Reading is an act of co-authorship. When you pick up a book and read it, what you bring to that process is your own personal history. This is the filter through which we perceive language and by which we forge connections. My use of the book as sculptural object playfully reworks its formal components allowing the ‘reader’ to experience something altogether new. I obstruct the original narrative in order to afford the reader of the artwork minimal linguistic stimulus. In essence this simplifies, clarifies and quietens interaction so that the reader’s response can be heard.
I select materials carefully by considering the aesthetic quality of text and relevance of the book’s title. Working with old manuscripts that bear the physical imperfections and aromas of past human handling and thus retain their human presence is essential. The book or page becomes a tool for looking inwards to our evolving personal narratives rather than the read contents of the book as text. I consciously work with the text to render it difficult to read, if not at times almost absent. The fragmentation, removal and disruption of text transforms words into visual clues. By resisting meaning in purely linguistic terms the reader is invited to respond at an intuitive and emotional level. In physically exploring text, removal of text, the page, book and restructured cover I seek to construct alternative narratives, which in turn generate new meaning.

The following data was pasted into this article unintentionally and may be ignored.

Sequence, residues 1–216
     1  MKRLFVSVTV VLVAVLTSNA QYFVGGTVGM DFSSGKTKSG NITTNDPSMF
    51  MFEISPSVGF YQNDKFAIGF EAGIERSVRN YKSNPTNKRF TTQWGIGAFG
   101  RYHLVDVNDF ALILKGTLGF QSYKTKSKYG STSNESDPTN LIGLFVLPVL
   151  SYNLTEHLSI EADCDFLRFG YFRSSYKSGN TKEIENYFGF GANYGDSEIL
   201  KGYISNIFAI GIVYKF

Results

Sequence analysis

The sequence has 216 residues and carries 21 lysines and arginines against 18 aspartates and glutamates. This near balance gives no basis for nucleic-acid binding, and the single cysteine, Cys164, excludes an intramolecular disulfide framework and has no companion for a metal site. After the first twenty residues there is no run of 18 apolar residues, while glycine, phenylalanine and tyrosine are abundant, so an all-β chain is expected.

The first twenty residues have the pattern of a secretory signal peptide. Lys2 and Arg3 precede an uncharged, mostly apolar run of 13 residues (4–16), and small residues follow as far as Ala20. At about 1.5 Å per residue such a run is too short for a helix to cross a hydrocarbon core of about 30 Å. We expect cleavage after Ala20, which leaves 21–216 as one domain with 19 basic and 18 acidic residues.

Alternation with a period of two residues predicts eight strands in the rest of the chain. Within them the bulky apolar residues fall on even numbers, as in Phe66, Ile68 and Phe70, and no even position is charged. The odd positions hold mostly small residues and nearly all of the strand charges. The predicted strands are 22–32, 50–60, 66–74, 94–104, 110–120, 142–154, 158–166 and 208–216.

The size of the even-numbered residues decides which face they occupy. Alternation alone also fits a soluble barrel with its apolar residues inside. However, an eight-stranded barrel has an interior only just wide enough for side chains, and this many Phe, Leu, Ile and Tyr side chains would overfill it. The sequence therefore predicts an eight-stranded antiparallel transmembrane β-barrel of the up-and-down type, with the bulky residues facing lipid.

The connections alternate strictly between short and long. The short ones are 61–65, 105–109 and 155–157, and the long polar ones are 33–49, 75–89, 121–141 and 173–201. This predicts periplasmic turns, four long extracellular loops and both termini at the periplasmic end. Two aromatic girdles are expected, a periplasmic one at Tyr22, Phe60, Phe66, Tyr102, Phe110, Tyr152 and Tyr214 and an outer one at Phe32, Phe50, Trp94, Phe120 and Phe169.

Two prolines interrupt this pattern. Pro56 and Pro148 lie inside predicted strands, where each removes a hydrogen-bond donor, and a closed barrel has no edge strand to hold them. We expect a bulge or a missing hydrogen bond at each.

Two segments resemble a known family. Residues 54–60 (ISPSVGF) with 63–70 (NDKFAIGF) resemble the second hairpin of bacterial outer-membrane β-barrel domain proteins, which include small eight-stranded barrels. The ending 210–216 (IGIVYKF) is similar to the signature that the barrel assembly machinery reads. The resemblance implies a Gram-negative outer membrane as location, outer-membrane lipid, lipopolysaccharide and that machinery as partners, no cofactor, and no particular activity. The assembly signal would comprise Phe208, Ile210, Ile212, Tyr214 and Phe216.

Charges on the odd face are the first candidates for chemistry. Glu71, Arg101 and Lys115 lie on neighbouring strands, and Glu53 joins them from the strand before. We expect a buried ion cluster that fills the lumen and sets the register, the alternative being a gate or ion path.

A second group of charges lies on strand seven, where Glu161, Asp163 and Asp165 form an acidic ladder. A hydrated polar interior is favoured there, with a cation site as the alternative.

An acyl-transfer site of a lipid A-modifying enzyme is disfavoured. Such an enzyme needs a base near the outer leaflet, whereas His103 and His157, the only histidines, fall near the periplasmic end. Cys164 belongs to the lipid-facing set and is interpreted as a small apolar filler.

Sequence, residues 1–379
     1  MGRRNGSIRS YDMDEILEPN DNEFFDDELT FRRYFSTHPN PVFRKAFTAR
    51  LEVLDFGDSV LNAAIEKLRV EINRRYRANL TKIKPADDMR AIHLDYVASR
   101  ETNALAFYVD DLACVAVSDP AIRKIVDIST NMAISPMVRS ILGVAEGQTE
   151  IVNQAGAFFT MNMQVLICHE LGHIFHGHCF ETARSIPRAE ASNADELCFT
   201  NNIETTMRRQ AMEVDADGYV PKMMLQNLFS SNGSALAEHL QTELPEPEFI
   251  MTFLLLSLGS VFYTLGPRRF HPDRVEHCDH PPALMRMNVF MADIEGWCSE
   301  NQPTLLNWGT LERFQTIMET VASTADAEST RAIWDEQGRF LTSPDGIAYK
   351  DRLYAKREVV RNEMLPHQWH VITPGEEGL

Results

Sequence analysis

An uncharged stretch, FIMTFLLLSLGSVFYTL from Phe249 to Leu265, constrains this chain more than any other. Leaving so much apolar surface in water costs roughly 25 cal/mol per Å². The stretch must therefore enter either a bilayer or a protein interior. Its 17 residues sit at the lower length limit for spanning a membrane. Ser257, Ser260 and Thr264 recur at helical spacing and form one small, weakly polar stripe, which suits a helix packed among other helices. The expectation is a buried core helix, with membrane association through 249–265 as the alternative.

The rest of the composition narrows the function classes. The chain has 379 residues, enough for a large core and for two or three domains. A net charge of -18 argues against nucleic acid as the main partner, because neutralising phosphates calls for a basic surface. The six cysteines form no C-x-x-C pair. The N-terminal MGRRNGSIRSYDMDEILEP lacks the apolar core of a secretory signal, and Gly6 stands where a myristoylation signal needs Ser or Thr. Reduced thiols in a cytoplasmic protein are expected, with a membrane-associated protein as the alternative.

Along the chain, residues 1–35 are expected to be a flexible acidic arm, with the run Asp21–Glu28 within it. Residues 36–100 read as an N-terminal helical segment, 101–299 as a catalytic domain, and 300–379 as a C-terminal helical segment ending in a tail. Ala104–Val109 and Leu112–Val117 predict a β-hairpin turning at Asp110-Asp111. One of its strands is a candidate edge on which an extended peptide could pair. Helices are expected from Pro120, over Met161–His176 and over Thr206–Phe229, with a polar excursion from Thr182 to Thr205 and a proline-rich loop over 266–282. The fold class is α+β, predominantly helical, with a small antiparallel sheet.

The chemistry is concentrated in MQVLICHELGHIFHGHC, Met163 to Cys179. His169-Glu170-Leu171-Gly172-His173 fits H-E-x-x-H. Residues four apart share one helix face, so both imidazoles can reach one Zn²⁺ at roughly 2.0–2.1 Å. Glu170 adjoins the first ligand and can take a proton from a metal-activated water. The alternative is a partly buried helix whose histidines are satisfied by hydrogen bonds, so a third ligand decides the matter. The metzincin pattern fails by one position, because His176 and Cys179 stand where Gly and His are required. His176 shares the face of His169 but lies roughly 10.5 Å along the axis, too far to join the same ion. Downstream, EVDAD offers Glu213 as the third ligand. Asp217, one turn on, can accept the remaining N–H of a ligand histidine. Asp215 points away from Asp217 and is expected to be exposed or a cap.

Transaction and interaction contain the echoes of previous experience. This inevitably interferes with the reception of the other person’s voice and intention so that we hear through our own history. My works explore a frustration in communication. I seek to express the difficulty of speaking without being heard, to listen either actively or ineffectively. My books and their pages become a tangible expression of those sentences suppressed or left unsaid.